bread and circuses


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bread and circuses

Things given or presented in an attempt to please (or at least distract) disgruntled people. The phrase comes from the Roman poet Juvenal. I really think this event is just bread and circuses to get us to stop protesting.
See also: and, bread, circus

bread and circuses

People use bread and circuses to talk about a situation in which a government provides people with things which seem to make their lives more enjoyable in order to stop them complaining about important problems. He limited political dissent through a policy of bread and circuses backed up by a fearsome secret police. Our children and grandchildren will curse us for squandering their prosperity in exchange for today's bread and circuses. Note: This is a translation of a phrase in a satire by the Roman poet Juvenal. It refers to the fact that, in ancient Rome, the authorities provided the people with public amusements and food in order to prevent possible rebellion.
See also: and, bread, circus

bread and circuses

material benefits and entertainment employed by rulers or political parties to keep the masses happy and docile.
Bread and circuses is a translation of the Latin phrase panem et circenses , which appeared in Juvenal's Satires, and which alludes to the Roman emperors' organization of grain handouts and gladiatorial games for the populace.
See also: and, bread, circus
References in periodicals archive ?
Racism has never been too far from Stephen's mind, on and off stage, and in Bread And Circuses he'll be musing over the fact that golliwog dolls can still be found on sale in seemingly civilised nations.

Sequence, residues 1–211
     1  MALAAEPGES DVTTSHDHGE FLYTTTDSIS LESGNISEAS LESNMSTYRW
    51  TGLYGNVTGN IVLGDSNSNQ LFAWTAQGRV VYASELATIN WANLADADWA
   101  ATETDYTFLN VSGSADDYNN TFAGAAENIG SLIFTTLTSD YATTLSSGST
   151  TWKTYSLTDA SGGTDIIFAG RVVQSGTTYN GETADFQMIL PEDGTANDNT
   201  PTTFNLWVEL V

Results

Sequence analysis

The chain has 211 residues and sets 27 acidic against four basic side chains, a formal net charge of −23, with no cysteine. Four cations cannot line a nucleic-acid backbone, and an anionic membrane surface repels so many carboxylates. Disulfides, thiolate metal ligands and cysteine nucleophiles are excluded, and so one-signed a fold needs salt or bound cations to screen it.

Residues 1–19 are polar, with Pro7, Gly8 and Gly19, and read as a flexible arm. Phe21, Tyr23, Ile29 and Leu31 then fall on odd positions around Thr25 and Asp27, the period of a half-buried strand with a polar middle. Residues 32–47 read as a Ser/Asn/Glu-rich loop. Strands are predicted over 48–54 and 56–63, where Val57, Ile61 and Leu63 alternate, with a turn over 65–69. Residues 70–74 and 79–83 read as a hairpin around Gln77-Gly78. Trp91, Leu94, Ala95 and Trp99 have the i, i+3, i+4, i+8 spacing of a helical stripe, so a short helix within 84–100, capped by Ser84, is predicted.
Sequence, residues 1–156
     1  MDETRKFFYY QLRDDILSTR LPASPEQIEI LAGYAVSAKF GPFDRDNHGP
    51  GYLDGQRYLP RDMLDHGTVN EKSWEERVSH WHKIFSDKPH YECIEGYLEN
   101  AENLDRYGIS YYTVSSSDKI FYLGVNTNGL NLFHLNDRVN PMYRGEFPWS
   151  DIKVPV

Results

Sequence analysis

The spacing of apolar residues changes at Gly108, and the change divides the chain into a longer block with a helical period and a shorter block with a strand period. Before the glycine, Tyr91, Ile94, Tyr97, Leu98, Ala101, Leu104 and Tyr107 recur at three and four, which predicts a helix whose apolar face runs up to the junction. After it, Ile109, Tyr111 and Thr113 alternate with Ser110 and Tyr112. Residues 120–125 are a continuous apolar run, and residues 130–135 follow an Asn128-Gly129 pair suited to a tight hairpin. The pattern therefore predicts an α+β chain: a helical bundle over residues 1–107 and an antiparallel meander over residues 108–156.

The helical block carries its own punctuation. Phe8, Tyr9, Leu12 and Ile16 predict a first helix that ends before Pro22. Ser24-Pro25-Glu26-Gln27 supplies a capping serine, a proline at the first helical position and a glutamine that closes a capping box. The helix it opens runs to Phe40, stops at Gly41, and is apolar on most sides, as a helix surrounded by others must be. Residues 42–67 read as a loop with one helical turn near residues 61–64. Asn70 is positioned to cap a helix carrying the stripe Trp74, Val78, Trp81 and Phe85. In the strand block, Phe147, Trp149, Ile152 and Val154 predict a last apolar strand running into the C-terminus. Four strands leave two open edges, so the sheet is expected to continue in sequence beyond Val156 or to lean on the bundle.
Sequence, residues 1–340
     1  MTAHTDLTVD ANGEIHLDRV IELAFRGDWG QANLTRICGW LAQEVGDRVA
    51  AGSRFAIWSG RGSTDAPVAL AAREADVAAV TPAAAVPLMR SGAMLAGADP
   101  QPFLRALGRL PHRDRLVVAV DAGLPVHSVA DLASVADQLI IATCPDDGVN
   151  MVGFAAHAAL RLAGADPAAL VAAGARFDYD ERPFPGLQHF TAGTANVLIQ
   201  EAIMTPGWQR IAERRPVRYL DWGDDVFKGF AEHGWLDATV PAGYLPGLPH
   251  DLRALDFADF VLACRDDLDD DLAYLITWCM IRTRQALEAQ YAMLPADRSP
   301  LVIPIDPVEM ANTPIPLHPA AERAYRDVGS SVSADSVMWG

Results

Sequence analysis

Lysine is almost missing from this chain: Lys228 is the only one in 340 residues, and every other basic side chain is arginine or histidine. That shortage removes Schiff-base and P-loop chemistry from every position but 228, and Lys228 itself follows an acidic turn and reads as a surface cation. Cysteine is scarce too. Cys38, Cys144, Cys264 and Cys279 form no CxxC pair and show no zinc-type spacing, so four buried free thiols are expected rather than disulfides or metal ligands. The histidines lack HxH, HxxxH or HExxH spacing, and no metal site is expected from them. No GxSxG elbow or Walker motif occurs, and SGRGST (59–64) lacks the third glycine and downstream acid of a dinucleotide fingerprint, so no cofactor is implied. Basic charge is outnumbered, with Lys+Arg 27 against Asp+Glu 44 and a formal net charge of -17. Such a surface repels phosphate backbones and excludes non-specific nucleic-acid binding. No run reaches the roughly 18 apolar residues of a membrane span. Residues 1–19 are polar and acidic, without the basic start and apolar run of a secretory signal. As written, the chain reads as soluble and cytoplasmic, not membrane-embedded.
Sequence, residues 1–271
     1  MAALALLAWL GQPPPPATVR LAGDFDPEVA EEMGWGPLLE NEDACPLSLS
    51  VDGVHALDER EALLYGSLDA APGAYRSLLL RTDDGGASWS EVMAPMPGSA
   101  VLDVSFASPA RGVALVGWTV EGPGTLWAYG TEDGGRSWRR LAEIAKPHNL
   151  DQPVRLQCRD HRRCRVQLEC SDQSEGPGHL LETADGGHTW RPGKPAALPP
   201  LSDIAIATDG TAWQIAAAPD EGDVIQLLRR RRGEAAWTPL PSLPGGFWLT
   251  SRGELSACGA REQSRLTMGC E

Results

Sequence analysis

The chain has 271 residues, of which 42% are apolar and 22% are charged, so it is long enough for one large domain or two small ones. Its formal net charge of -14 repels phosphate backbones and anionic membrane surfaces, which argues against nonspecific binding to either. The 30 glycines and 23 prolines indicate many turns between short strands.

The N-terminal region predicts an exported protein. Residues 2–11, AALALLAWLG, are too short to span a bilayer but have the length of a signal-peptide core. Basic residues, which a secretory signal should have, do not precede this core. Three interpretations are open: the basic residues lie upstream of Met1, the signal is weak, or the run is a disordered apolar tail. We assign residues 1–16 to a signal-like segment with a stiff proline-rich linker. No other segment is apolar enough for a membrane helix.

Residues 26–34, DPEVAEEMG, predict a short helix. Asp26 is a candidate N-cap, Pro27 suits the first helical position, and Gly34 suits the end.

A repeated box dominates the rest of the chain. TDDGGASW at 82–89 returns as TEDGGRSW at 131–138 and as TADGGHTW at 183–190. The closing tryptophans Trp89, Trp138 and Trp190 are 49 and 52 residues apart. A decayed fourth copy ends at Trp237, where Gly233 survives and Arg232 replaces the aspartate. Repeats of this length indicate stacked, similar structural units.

Today's bread and circuses are booze and the box but above all sport, as seen at the weekend with millions glued to screens showing the Lions and Murray.
THE VIEW Sunday Dundee band are heading for the charts again with this single from Bread And Circuses.
THE VIEW: Bread And Circuses * Chart by HMV Birmingham TOP 10 GAMES 1.
THE Romans tried to provide their citizens with bread and circuses.
Extrapolating from current economic trends, I'd wager that a fair number of those who witnessed Cheney's Bread and Circuses stunt are probably separated from economic disaster by a paycheck or two.
Not entirely unlike Antin, Pliny was a stoic in an age of bread and circuses, writing, seemingly undaunted (or at least unabated), at the foot of Mount Vesuvius.
The writer Juvenal - a sort of Blackadder pain in the toga to the corrupt Roman Establishment - pointed out that a cynical people expected only bread and circuses from their rulers.
It may be bread and circuses, but it was good bread and circus and just made for TV.
We are rapidly approaching the state of the Romans, who pacified the mob by providing its members with free bread and circuses in which the most dreadful violence was ritually demonstrated.
These rubes are folks who would otherwise be part of Jerry Springer's bread and circuses, but Dr.
I especially like the roster of foreign words/phrases often seen in English texts but not yet anointed by all lexical hunter-gatherers: These include the Chinook-jargon motto of Washington, al-ki, for by and by, and the spooky Latin panem et circenses, for bread and circuses, i.
Bread and circuses are needed to keep the people engrossed.
The state, as it has done since the days of ancient Rome, provides a cornucopia of bread and circuses.
And as with most witch-hunts, the constant Sturm und Drang of media hoopla functions as a contemporary incarnation of ancient Rome's bread and circuses, concealing far more important issues like crime, foreign policy, a failing Social Security system.